This article was originally published in the Outside Perspectives section of CCM -The American Lawyer's Corporate Counsel Magazine, October 1999 issue, and appears here with the permission of American Lawyer Media, L.P.
A recent federal appeals court decision could have a profound impact on the way the U.S. Environmental Protection Agency (EPA) issues new environmental standards and regulatory requirements in the future, effectively requiring the agency to provide more meaningful participation in the regulatory process for regulated parties. In a decision that appears to eschew the deferential treatment the courts traditionally have accorded EPA in challenges to governmental agency rulemakings, the U.S. Court of Appeals for the District of Columbia Circuit recently struck down EPA's air quality standards for ozone and particulate matter (PM) after concluding that EPA failed to articulate an "intelligible principle" from which to set the standards. While the ultimate fate of EPA's new ozone and particulate matter standards remains uncertain at this time, the court's ruling is likely to become an oft-cited judicial standard by which private parties affected by EPA regulations may be able to challenge the Agency's rulemakings that lack an objectively sound scientific rationale.
In this case American Trucking Associations v. EPA, the D.C. Circuit held that EPA had failed to adequately explain how it had arrived at the new air pollution standards for ozone and PM and why these new standards were necessary to protect human health, as opposed to either existing standards or even more stringent standards. Without such an explanation, the court concluded that EPA's interpretation of the Clean Air Act would have amounted to "an unconstitutional delegation of legislative power" to the agency and therefore ruled that these standards could not be upheld.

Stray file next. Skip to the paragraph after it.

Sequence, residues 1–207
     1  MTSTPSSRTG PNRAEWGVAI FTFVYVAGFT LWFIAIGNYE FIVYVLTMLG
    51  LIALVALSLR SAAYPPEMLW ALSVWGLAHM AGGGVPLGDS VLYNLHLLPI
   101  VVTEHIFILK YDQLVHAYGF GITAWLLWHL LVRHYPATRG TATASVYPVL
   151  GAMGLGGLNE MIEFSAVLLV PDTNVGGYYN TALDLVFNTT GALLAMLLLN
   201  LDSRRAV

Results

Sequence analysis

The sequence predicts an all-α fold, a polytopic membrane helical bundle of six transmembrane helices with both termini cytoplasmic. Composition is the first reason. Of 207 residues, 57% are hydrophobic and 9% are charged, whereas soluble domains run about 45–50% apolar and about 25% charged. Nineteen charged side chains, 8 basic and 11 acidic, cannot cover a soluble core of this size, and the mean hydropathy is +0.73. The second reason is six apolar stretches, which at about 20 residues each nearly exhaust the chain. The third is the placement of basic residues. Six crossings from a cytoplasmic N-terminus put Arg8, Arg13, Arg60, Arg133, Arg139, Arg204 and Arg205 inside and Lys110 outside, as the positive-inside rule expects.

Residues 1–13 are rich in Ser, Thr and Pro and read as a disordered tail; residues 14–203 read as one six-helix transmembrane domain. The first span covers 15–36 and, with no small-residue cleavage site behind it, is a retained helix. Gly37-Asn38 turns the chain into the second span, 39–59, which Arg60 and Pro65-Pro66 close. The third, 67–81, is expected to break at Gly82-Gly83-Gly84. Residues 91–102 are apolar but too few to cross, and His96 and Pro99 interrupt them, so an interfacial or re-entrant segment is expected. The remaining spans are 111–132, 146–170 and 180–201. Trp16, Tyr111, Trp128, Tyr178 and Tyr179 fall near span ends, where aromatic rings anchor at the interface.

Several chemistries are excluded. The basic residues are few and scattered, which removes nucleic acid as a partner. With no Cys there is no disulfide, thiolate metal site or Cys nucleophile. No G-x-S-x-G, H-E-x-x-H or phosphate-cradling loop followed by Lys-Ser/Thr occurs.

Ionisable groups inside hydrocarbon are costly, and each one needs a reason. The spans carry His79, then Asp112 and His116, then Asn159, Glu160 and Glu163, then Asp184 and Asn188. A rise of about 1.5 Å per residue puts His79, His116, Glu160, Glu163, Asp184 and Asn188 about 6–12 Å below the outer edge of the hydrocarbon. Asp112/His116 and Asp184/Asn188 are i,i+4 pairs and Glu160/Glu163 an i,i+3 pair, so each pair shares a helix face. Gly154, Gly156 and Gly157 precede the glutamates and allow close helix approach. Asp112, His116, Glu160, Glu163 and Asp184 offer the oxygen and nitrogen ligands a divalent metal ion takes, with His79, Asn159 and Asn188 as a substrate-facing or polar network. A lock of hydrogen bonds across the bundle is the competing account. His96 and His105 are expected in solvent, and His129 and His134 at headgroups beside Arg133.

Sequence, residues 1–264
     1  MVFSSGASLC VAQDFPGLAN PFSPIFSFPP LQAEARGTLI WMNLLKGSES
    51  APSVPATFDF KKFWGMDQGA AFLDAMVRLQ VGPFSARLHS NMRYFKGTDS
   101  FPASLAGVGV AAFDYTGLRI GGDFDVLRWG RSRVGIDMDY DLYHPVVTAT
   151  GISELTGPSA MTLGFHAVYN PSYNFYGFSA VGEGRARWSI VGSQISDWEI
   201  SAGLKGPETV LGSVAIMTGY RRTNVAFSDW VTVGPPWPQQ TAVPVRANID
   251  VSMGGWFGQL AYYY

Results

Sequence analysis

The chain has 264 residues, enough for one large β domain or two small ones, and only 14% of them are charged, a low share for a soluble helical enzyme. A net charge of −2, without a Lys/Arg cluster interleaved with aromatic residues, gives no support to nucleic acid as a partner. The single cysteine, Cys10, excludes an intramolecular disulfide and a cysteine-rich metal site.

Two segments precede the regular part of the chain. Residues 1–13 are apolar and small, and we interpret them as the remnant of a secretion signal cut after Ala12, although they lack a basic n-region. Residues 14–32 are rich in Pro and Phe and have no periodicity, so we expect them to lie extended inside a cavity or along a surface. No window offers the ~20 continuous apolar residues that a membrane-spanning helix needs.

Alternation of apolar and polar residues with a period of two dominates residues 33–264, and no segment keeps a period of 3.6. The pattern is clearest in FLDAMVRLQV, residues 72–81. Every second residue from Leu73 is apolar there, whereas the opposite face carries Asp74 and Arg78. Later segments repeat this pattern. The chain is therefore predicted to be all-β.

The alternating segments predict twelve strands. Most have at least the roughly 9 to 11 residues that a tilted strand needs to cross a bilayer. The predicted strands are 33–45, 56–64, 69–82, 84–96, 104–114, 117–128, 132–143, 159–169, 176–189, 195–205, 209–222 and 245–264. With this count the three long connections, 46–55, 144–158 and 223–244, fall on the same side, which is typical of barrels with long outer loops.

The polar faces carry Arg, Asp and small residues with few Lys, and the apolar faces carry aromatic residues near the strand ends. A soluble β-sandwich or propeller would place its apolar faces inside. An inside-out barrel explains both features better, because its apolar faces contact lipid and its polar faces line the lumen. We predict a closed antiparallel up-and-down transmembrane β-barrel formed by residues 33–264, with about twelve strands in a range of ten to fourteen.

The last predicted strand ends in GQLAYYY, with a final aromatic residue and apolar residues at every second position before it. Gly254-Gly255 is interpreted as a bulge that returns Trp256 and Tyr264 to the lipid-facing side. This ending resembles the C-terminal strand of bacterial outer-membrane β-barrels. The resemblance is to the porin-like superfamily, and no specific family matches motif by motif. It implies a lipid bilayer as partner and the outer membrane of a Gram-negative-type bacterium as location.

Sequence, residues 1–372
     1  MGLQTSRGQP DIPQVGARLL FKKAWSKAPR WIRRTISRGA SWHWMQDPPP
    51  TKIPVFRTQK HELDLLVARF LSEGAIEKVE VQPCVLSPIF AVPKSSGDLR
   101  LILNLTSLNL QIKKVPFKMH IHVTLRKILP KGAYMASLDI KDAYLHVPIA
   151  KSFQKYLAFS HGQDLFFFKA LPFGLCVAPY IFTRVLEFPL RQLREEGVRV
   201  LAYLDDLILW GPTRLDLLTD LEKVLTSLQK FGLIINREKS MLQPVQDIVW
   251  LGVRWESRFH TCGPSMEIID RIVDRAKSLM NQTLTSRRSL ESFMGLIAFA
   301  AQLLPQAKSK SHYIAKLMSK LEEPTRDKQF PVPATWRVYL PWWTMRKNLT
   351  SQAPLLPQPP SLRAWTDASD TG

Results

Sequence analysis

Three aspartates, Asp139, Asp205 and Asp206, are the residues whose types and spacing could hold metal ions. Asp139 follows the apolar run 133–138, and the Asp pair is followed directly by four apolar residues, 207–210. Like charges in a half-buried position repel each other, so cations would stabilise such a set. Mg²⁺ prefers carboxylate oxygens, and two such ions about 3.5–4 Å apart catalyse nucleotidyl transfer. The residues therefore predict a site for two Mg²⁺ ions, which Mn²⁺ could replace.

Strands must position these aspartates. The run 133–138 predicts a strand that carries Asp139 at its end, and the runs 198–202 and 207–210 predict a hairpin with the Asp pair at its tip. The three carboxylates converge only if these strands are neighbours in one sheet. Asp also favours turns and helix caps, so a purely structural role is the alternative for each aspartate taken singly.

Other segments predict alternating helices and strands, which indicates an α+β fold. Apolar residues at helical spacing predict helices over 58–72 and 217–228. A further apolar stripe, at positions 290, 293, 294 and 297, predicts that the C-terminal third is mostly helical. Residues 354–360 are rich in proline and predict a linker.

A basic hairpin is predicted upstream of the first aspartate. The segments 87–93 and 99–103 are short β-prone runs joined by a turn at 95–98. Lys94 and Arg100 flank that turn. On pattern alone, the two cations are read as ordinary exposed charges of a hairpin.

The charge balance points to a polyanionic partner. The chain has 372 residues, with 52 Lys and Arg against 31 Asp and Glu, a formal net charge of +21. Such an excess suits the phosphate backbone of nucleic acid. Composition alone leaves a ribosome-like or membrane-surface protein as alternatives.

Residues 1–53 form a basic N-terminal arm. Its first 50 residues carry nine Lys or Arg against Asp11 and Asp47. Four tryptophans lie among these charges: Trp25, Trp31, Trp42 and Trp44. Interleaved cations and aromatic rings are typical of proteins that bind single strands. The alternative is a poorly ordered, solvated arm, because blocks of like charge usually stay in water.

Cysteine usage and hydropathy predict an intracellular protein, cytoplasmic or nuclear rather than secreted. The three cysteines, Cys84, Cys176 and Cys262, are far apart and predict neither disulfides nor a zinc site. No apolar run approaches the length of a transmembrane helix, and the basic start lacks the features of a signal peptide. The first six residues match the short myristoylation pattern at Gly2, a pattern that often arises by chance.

The American Trucking case specifically addressed EPA's July 1997 final regulations that revised the existing National Ambient Air Quality Standards (NAAQS) for ground-level ozone and particulate matter. As part of these rulemakings, EPA had proposed lowering the ozone standard from 0.09 parts per million (ppm) to 0.08 ppm, and also established a new "fine" standard for particulates smaller than 2.5 micrometers in diameter-known as PM25. The appellants in the case challenged both rules, arguing among other things that because EPA failed to adequately explain the basis for both rules, its interpretation of the air quality provisions of the Clean Air Act amounted to an unconstitutional delegation of legislative power to EPA.
In reviewing this case, the D.C. Circuit initially noted that the Clean Air Act requires EPA to set standards for pollutants (including ozone and PM) at a level necessary to protect human health within an "adequate margin of safety." Prior to the issuance of the new standards, EPA already determined that both ozone and PM had adverse health effects at any exposure level above zero. Therefore, in order for EPA to establish any level above zero as the standard, the court ruled in this case that the Agency must explain why the specific level it chose was necessary to protect human health and why a lesser or more stringent standard was not necessary. Without such an explanation, the court concluded that the rulemaking would run afoul of the Constitution's nondelegation doctrine, which requires Congress to give administrative agencies sufficiently "channeled" parameters within which to promulgate regulations.